3. SDG 3 Health Clinic

The UN health organization, WHO, has established the SDG 3 Health Clinic, which is open without an appointment, while diplomats discuss global issues at the UN headquarters. During the high-level week of the 78th session of the UN General Assembly, the Global Scrubs Choir, comprised of frontline personnel from the Royal Melbourne Hospital, is doing a live performance at the WHO-run SDG 3 Health Clinic.

4. Pushing the 30-year-old tuberculosis epidemic into history

One-fourth of the world’s population is infected with the bacterium that causes the avoidable and treatable disease, which disproportionately affects developing nations. An estimated 10.6 million individuals contracted TB in 2021, and 1.6 million people died from it. The epidemic continues to be a serious challenge in all regions and has an impact on every country in the world thirty years after WHO designated it a worldwide emergency. According to the UN health agency, millions of people with TB go without access to high-quality care every year, including affordable diagnostic procedures and treatment, particularly in poor nations.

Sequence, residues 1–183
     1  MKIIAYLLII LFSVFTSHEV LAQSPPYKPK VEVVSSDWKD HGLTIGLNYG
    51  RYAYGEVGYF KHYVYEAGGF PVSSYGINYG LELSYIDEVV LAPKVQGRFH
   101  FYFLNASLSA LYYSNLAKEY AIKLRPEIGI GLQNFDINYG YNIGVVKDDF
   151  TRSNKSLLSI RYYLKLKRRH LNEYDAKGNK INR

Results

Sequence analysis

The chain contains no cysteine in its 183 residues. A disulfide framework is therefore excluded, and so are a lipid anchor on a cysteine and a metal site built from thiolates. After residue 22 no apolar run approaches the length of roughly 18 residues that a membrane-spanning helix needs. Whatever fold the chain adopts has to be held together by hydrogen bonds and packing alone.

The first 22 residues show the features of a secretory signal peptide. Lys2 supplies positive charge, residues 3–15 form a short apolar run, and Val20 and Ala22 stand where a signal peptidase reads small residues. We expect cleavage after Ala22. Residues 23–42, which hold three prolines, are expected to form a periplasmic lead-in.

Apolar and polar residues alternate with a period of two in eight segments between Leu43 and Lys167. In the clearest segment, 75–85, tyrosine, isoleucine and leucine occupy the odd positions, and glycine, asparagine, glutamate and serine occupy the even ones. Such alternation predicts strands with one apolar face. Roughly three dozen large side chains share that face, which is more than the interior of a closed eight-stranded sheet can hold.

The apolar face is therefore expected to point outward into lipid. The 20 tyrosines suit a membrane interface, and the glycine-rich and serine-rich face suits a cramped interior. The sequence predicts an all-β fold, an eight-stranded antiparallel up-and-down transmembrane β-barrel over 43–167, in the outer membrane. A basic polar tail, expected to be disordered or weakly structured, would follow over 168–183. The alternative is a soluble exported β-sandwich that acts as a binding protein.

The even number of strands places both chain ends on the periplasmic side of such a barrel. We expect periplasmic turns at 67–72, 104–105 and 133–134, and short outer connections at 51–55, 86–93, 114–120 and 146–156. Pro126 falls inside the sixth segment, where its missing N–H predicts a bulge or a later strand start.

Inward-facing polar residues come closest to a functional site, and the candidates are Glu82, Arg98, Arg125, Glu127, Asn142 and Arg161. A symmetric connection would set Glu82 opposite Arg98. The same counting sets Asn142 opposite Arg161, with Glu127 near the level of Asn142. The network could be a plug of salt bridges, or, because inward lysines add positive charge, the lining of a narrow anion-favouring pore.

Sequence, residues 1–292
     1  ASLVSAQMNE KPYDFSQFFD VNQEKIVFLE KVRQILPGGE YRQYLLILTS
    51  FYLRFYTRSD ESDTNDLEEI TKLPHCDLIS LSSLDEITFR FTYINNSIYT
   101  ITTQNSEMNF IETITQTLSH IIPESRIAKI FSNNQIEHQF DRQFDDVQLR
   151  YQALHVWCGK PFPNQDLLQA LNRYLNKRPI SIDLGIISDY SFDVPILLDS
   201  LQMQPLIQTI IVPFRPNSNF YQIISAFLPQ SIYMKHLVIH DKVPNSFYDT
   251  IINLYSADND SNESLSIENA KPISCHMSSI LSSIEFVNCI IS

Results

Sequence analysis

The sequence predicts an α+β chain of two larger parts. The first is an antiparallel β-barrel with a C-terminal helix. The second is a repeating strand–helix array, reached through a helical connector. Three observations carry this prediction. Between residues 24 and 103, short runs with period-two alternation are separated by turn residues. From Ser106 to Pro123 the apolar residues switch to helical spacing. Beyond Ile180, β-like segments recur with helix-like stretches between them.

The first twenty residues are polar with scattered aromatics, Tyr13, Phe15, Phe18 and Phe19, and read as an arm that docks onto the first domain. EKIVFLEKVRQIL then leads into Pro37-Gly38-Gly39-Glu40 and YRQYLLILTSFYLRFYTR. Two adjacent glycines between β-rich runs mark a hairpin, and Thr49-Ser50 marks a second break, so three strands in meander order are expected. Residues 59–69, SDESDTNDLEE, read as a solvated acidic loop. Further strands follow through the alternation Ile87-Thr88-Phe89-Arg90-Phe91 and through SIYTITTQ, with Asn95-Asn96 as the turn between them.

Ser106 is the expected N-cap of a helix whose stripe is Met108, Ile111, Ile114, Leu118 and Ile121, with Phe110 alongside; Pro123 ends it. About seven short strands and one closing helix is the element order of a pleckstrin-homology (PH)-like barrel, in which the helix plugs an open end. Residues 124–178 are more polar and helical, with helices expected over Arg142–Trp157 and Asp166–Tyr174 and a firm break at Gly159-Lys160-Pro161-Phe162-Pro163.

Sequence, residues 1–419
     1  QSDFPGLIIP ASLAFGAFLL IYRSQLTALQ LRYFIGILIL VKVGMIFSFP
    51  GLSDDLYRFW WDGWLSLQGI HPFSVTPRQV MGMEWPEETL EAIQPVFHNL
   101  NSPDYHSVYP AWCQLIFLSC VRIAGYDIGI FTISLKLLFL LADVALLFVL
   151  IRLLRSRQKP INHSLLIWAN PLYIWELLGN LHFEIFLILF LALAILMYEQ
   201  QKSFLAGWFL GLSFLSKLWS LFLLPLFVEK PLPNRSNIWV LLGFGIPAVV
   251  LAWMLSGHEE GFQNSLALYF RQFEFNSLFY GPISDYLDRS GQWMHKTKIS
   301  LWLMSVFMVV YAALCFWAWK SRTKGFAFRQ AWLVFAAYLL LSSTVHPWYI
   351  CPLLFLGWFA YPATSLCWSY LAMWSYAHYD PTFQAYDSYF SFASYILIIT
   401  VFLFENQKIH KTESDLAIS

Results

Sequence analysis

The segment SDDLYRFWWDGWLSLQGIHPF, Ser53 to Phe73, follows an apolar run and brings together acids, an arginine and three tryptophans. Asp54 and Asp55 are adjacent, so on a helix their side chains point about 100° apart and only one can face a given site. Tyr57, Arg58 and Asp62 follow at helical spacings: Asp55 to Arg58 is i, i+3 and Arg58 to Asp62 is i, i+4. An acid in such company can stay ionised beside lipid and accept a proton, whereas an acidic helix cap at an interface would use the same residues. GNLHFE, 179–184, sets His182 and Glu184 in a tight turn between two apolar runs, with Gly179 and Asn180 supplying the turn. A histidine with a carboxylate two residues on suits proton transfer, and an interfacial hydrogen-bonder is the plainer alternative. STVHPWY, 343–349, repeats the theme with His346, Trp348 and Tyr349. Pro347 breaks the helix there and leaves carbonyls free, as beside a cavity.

5. Global Action Plan

In 2019, WHO created the Global Action Plan for Healthy Lives and Wellbeing for All (commonly known as “SDG 3 GAP”), bringing together 13 international health, development, and humanitarian organizations from all around the world. Despite increasing difficulties brought on by the COVID-19 pandemic, they made strides and brought their success stories to the SDG Summit in an effort to assist. The objective is to assist nations in hastening their achievement of SDGs relating to health. Together, they take action and give national plans and initiatives that are owned and directed by the country more organized and aligned support.